Wildfire prevention should start at the roots

The Little Bobtail Lake fire, burning for two weeks andforced an evacuation of 80 people from their homes, is currently under investigation

The Little Bobtail Lake Fire is currently 80 per cent under control after two weeks. The fire claimed 25

The Little Bobtail Lake Fire is currently 80 per cent under control after two weeks. The fire claimed 25

Michele Taylor

Caledonia Courier

The Little Bobtail Lake fire, which has been burning for two weeks and forced an evacuation of 80 people from their homes, is currently under investigation by the RCMP and the Wildfire Management Branch.

Penalties for starting a wildfire can be up to $1-million in fines, a year in prison or if found guilty, offenders could be held responsible for the costs associated with fighting the fire.

At the height of the firefighting efforts, 320 firefighters, 8 helicopters, 46 pieces of heavy equipment and 6 air tankers were working to control and extinguish the wildfire, those costs are substantial. The wildfire claimed 25,000 hectares (more than 61,000 acres) of ecosystem resources and potentially disrupted hydrologic functioning in waterways.

The most recent update on the fire puts an estimated cost of $5.3M for the personnel and equipment utilized to fight the wildfire. Someone’s possible carelessness has cost the region and the taxpayers millions of dollars that had potential for better use. That hefty cost doesn’t include the loss to the residents that had to subsequently be evacuated or the mental anguish which those residents most certainly experienced at the possibility of losing everything.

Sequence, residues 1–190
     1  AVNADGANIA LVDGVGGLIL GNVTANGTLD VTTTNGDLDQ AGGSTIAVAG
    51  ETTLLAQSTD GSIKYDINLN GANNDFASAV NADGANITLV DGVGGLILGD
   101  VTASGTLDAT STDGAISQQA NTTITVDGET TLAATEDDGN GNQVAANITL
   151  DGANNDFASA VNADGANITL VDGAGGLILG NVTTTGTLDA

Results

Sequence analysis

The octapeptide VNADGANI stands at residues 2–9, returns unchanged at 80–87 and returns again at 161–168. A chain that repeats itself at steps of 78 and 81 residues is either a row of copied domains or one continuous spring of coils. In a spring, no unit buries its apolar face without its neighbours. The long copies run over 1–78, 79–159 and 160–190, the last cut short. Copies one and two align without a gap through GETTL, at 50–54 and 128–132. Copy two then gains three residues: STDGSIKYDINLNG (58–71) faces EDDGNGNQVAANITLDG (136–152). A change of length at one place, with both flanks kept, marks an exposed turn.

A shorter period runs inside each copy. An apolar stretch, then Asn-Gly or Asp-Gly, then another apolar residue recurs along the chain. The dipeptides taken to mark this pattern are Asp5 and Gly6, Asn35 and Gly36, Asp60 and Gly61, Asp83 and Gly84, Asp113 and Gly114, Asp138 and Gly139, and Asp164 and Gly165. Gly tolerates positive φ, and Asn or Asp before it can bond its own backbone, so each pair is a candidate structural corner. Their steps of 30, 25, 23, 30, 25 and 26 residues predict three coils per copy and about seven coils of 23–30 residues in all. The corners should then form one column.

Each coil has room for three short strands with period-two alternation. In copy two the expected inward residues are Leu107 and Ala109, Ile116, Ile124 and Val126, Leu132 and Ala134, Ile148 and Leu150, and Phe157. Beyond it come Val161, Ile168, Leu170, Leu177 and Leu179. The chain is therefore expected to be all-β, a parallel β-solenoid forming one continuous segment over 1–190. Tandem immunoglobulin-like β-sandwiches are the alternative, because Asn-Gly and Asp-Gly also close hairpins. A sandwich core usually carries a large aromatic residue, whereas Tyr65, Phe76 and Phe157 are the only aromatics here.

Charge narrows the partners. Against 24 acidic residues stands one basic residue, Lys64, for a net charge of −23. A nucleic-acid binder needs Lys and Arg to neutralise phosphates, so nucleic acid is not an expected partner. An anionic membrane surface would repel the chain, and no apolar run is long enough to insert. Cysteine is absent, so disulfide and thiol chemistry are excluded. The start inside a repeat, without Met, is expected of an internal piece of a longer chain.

Insurance won’t bring back memories.

In 2013, approximately $122M was spent on wildfire suppression province-wide, with 414 of the 1,851 fires in the province being caused by people, according to Wildfire Management Branch statistics. Between 2006 and 2013, the province has recovered less than 1 per cent of damages and of the more than 5,800 human caused fires, only convicting 34 people with contraventions of the Wildfire Act (SBC 2004) with 15 to 20 contravention proceedings in continuing stages of completion.

With such unimpressive results in finding and charging persons responsible and recovering costs associated with fighting wildfires caused by people, the province might be better served by placing province-wide fire bans beginning shortly after the spring melt. Money spent proactively by investing in the increased presence of wildlife and forestry officials across the province could provide a more effective means to offset some of the millions of dollars spent annually fighting fires caused by people.

As the saying goes: An ounce of prevention is worth a pound of cure.